Response to the Inaugural Remarks by the new OSCE Secretary General Helga Schmid
As delivered by Chargé d’Affaires Courtney Austrian
to the Permanent Council, Vienna
January 21, 2021
Thank you, Madam Chair.
Madam Secretary, the United States warmly welcomes you to the Permanent Council as you begin your tenure as Secretary General of the OSCE. As President Biden leads the United States to bolster our engagement with the international community, we look forward to working with you to strengthen security in the OSCE region. It is essential participating States uphold their commitments in all three dimensions — political-military, economic-environmental, and human. We are confident, Madam Secretary, that you will develop strong partnerships with the new heads of the independent institutions, and that together, according to your respective responsibilities and mandates, you will advance the OSCE’s core mission.
Madam Secretary, you assume your role as Secretary General at a time when this Organization faces unprecedented challenges to its foundational Helsinki Final Act principles. Russia’s ongoing aggression in eastern Ukraine, occupation of Crimea, and blatant disregard for international norms continues to erode security in the region, now for a seventh year running.
The Special Monitoring Mission in Ukraine (SMM) is the OSCE’s principal tool for providing objective and impartial information about the situation on the ground. Why does Russia block SMM access to the Crimean peninsula and the internationally recognized border between Ukraine and Russia? Why do the forces it trains, leads, funds, and fights alongside harass SMM personnel in eastern Ukraine? The United States strongly supports the implementation of the Minsk agreements and the efforts of the Trilateral Contact Group under the able leadership of Heidi Grau.
As a Minsk Group Co-Chair, the United States will continue to work in concert with France and Russia—and with the CiO’s Personal Representative—to help Armenia and Azerbaijan negotiate a peaceful political settlement to the Nagorno-Karabakh conflict based on the guiding principles of the Helsinki Final Act. We continue to attach high value to the OSCE’s support to the Geneva International Discussions on the Conflict in Georgia, and the 5+2 Settlement Process on the Transnistrian Conflict. The OSCE Mission to Moldova plays a role in providing participating States with information about the situation on the ground, including on Russia’s military activities in Moldova. OSCE Field Operations are the OSCE’s “crown jewels.” They should be enabled and encouraged to provide objective information about the situation in their host countries, engage with civil society, and have straightforward conversations with their hosts on implementing their OSCE commitments in all three dimensions.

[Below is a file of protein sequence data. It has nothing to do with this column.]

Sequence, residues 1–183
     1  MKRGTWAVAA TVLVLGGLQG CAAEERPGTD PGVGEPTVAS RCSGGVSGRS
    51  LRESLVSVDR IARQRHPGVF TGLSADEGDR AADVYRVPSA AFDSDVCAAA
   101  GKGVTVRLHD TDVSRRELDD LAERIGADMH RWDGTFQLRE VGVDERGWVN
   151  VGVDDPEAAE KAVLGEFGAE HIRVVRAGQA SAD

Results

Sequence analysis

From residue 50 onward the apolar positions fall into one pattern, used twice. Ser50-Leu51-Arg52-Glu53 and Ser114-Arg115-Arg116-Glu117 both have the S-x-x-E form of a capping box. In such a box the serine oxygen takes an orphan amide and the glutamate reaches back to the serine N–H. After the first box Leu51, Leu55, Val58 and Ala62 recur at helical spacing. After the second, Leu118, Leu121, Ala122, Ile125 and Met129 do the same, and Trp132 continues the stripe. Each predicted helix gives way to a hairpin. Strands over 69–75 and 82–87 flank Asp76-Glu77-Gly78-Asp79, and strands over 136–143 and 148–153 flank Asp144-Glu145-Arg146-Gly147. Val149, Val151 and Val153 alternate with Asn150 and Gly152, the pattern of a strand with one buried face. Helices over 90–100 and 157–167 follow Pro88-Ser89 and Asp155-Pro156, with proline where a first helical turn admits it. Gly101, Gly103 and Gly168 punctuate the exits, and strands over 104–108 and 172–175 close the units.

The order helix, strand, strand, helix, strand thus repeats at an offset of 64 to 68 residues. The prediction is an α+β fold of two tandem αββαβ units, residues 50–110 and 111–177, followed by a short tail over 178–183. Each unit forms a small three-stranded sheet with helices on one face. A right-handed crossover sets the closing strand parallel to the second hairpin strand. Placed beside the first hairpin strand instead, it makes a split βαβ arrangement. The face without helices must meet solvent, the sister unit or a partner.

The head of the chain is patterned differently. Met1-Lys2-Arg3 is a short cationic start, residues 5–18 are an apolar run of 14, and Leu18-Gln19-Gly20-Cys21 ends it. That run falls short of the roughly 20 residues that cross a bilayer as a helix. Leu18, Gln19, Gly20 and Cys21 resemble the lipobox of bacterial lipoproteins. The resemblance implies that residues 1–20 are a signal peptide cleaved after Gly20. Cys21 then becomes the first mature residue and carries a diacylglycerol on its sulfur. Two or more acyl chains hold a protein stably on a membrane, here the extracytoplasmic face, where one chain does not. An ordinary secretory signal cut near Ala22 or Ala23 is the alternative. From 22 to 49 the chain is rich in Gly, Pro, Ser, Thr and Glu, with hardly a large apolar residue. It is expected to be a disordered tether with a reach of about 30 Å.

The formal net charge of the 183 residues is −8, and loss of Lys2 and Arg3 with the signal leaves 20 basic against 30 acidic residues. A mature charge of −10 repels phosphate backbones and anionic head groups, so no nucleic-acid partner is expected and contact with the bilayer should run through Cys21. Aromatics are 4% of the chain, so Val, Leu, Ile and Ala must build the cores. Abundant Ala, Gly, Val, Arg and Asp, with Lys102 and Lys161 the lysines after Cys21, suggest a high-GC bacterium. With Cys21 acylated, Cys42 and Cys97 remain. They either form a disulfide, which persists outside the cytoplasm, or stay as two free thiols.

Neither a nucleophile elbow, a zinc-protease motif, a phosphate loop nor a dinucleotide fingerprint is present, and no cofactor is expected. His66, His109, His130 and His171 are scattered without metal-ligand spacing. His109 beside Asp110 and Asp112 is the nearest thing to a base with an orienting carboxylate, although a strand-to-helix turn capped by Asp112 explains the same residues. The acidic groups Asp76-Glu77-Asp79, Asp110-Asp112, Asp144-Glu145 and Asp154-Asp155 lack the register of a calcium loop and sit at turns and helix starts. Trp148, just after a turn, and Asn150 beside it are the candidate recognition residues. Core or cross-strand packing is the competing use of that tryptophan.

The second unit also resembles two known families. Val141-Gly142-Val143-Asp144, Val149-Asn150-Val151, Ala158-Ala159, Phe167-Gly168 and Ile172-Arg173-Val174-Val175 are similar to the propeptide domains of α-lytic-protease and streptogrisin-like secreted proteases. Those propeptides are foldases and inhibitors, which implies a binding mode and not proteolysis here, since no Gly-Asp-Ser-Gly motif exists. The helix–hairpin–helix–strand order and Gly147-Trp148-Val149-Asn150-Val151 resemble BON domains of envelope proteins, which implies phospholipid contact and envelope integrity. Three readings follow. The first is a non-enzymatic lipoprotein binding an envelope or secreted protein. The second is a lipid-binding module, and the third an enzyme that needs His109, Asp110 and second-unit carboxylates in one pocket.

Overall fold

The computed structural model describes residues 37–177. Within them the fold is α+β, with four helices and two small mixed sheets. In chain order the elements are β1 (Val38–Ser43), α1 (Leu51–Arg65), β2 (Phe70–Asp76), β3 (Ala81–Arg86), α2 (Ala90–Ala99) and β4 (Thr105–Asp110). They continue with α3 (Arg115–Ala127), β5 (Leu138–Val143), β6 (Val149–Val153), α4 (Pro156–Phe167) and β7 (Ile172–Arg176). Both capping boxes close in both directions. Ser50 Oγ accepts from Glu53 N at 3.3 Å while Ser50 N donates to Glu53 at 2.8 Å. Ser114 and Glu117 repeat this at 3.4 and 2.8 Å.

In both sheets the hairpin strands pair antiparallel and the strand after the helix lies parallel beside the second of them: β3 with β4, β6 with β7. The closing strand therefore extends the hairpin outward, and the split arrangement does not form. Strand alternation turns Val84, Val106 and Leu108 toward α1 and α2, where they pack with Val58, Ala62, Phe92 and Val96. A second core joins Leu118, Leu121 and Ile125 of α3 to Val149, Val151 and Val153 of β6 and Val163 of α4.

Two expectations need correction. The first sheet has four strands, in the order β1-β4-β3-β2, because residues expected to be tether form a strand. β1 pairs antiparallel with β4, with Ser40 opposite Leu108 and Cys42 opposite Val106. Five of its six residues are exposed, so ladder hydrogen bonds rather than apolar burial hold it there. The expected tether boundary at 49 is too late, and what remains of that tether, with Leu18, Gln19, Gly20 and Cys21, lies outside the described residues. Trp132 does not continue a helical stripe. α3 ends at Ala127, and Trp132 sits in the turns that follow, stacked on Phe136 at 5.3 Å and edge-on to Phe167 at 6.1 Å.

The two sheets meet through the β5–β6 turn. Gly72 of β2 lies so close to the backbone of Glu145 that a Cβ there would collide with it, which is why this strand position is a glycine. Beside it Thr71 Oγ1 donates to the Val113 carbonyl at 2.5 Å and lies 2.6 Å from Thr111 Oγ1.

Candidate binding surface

We also need to maintain focus on the violent crackdown in Belarus. Authorities in Minsk continue to commit human rights violations against peaceful protesters, journalists, and other Belarusians seeking to exercise fundamental freedoms since the falsified presidential election of August 9, 2020. We continue to strongly support the joint offer by the current and previous Chairs-in-Office, Sweden and Albania, to facilitate a dialogue between the Belarusian authorities and the National Coordination Council. The OSCE is well-positioned to support the democratic aspirations of the people of Belarus, if given the opportunity.
Given the OSCE’s mandate to prevent, respond to and resolve conflicts, we should review the OSCE’s conflict cycle toolbox. During last year’s Annual Security Review Conference, we presented a number of suggestions such as working with the Parliamentary Assembly, promoting the role of technology throughout the conflict cycle, and advancing the role of women in the conflict cycle. The 10th anniversary of the 2011 Ministerial Council Decision on the “Conflict Cycle,” affords us a useful opportunity to look for concrete ways to strengthen our toolbox.
Madam Secretary, OSCE’s work in the human dimension remains essential to achieving lasting security in this region. The conditions for building healthy, resilient societies, prosperity and peace are created when participating States implement their OSCE commitments on human rights, the roles of civil society and independent media, democratic principles and processes of government, the rule of law, promoting tolerance, and eradicating torture. The annual Human Dimension Implementation Meeting, or HDIM, is OSCE’s premier forum for governments and civil society to hold participating States accountable for meeting human dimension commitments and for discussing ways to improve performance. We deeply regret the HDIM was not held as intended in 2020 due to the pandemic. The United States believes strongly the HDIM must be held this year, with the undiminished access and participation of civil society.
The OSCE also has a unique role to play in identifying and helping participating States to address the far-reaching consequences of the pandemic in all three dimensions. This must include the economic and environmental dimension—where of course the pandemic’s impact has been incalculable. We must also join together to invigorate work on environmental issues in the second dimension.
For the OSCE to carry out the mandates entrusted to it by participating States, this Organization needs to have solid financial footing. We look forward to swift passage of the Unified Budget for 2021. We also look forward to engaging with you on your efforts to reform the Secretariat to help it meet today’s needs, and to advance gender equality within the OSCE’s executive structures, including through strengthening internal governance and accepting zero tolerance for harassment.
So glad to have you here, Secretary General Schmid. We relish the opportunity to work with you closely to ensure this organization meets its full potential.
Thank you, Madam Chair.